11 July 2008

Good News, News Cocoons and Truly Bad News

A friend sent us a news release the other day from Vienna from the Organization for Security and Cooperation in Europe (OSCE). It really caught our attention. Read it and you’ll see why:

VIENNA, 8 July 2008 - The OSCE Representative on Freedom of the Media, Miklos Haraszti, asked Romanian President Traian Basescu today to veto a proposed amendment to the broadcasting law that would oblige television and radio stations to ensure that half their news coverage consists of "positive news".

"Prescribing, or even defining good versus bad news is a severe political intrusion into editorial freedom, and is fully out of touch with the rights of the audiences as well," said Haraszti.

"I do not see how ordering editors to carry 50 % good news could 'help improve the general climate and give people a balanced view of everyday life', as argued by the sponsors of the amendment," he added. "It is the diversity of unrestricted news reporting that makes a well-informed public, and this rule would only diminish such pluralism."

Naturally we share the view that this is a bad idea. And we appreciate even more the fact that the US Constitution (First Amendment) specifically bars any legislative action that would impinge on freedom of the press:

“Congress shall make no law… abridging the freedom of speech, or of the press.”

Today we learned from the OSCE that the Constitutional Court of Romania has ruled the “good news” draft is unconstitutional. That is good news.

As journalists, we are familiar with the impulse that often drives political figures and ordinary citizens to complain that the news is “too negative” or “never tells us anything good about anything.”

We are also aware that many people, some of them sour on what they see as too much bad news, are moving into what one American professor, Cass Sunstein of the University of Chicago, writing in Neiman Reports, characterizes as “information cocoons” --- where they only see exactly what they want to see and where, as Sunstein writes, “people can reinforce their own convictions.”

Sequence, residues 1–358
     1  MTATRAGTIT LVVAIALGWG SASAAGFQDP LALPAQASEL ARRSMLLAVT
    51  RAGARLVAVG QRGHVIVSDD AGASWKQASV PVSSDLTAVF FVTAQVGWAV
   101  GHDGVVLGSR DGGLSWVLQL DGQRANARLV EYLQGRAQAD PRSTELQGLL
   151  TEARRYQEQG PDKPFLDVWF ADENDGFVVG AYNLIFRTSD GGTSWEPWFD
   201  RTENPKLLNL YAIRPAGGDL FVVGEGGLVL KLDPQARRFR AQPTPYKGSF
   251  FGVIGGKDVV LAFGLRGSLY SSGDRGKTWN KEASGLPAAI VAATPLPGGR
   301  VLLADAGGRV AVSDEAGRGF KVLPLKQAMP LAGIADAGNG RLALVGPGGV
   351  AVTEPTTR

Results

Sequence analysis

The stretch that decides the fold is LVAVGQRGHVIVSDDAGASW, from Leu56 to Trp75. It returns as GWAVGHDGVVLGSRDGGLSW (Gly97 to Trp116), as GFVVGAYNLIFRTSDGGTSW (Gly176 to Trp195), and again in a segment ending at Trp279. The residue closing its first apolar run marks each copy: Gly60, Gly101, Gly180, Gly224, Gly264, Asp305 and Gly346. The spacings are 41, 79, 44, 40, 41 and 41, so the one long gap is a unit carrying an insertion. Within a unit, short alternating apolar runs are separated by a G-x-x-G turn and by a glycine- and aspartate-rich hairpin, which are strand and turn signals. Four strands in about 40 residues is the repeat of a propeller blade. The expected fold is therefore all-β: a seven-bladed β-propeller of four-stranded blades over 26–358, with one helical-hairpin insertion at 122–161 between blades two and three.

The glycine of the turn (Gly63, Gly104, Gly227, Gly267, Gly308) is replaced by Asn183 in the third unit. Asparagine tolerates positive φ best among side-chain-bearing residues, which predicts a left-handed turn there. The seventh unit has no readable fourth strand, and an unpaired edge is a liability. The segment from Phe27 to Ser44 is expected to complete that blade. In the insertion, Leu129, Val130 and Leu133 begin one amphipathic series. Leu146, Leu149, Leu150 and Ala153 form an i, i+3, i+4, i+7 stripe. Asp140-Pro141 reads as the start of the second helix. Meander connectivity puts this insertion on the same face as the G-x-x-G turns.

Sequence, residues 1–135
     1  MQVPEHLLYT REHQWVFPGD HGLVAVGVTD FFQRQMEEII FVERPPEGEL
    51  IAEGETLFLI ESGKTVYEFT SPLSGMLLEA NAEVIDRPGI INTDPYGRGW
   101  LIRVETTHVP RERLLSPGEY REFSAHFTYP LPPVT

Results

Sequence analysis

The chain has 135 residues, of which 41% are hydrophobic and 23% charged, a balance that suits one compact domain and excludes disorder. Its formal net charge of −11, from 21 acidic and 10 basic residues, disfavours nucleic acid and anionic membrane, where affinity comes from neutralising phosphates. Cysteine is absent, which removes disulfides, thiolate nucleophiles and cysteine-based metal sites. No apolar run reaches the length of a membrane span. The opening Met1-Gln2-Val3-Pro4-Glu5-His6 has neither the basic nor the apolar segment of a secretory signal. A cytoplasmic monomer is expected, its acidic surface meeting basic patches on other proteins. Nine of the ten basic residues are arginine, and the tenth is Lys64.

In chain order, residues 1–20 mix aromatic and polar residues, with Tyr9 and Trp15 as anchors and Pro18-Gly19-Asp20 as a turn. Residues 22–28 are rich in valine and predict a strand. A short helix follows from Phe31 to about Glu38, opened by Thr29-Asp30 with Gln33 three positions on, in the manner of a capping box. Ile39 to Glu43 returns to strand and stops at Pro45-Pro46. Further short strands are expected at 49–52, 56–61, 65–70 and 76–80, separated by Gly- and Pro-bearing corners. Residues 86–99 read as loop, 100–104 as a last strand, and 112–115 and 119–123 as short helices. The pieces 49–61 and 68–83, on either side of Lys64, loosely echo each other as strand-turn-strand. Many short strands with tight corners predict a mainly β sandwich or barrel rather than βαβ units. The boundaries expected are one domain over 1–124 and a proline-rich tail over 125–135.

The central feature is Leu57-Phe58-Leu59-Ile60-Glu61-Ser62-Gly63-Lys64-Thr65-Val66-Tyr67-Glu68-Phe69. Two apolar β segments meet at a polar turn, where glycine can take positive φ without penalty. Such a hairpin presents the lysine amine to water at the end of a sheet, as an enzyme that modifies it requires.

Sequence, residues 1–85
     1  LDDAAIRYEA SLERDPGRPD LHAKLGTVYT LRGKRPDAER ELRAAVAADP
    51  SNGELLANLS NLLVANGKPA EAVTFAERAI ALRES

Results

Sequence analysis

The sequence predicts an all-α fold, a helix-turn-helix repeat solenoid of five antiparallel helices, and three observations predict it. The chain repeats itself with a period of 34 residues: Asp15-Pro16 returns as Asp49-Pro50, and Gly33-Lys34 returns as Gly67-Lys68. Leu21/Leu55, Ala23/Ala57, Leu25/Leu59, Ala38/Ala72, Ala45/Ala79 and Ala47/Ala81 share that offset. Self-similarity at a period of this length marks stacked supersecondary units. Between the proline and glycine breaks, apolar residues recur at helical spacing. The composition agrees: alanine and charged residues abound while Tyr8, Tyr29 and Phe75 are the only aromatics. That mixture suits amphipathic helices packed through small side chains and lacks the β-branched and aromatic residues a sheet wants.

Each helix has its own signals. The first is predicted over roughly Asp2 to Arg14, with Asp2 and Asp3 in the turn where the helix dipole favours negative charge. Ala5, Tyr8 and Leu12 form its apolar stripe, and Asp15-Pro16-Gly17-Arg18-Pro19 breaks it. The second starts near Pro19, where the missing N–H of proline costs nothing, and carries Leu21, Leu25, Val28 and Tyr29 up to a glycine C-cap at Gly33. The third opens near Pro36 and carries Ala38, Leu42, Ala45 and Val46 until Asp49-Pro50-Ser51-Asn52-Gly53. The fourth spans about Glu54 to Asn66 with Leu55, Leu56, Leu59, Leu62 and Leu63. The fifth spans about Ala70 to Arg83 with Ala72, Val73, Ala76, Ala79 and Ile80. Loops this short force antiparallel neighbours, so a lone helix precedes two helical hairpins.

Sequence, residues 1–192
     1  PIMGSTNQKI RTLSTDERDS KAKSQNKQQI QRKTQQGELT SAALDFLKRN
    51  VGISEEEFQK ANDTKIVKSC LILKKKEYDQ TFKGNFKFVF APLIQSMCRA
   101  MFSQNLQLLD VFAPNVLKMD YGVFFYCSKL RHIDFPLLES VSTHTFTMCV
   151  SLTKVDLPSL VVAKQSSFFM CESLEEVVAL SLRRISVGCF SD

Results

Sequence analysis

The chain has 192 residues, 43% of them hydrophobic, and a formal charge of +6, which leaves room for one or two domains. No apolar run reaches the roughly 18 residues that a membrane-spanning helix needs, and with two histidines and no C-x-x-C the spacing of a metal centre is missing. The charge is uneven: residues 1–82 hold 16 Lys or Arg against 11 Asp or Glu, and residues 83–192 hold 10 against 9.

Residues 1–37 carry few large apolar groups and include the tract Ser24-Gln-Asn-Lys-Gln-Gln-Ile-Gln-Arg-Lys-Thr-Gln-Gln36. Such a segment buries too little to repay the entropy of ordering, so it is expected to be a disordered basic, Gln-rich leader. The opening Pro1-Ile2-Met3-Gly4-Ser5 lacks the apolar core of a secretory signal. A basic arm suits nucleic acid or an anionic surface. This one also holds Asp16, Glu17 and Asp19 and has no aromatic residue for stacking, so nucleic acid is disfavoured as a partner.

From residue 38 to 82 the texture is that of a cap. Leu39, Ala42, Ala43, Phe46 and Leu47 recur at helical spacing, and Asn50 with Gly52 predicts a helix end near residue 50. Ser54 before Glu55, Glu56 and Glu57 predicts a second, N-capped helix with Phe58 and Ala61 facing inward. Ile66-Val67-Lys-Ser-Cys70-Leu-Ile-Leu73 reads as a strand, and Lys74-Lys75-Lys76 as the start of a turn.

This, too, we find troubling. And Professor Sunstein explains why:

“A central consequence of this kind of self-sorting is what might be called “enclave extremism.” This term refers to the fact that when people end up in enclaves of like-minded people, they usually move toward a more extreme point in the direction to which the group’s members were originally inclined. Enclave extremism is a special case of the broader phenomenon of group polarization, which has been found in more than a dozen nations. As group polarization occurs, misconceptions and falsehoods can spread like wildfire.”

We at VOA news have always reported the news, good and bad. We don’t deal in rumor, gossip or speculation. Nor do we play to only certain points of view. We have a responsibility to you, the audience, to present news that is accurate, objective and comprehensive.

And we believe you, the audience, have a responsibility to know what is happening in your world, good and bad. We believe it is the only way responsible decisions can be made.

Here is how Bill Kovach and Tom Rosenstiel of the US-based Project for Excellence in Journalism put it in their book, “The Elements of Journalism: What Newspeople Should Know and the Public Should Expect”:

“Journalism provides something unique to a culture -- independent, reliable, accurate, and comprehensive information that citizens require to be free. A journalism that is asked to provide something other than that subverts democratic culture… The issue isn't just the loss of journalism. At stake is whether, as citizens, we have access to independent information that makes it possible for us to take part in governing ourselves.”

If you can’t get that kind of information, we think that is truly bad news.

1 comment:

newsjunkie said...

The phenomenon of "news cacoons" is an interesting - perhaps worrying -- trend in news consumption. It used to be the norm that an experienced editor could pull together a range of news to form a whole program (radio, TV) or news spread (newspaper, magazine) with a variety of stories and perspectives. Now younger generations are more apt to "tailor" the information they subscribe to using "new media" -- Facebook pages with RSS feeds, Podcasts, and Google-searched stories. Sometimes this includes a balance of news, sometimes only the latest entertainment post or weather report. It will be interesting to see what influence this has on public perceptions and the public's response to news events in the future...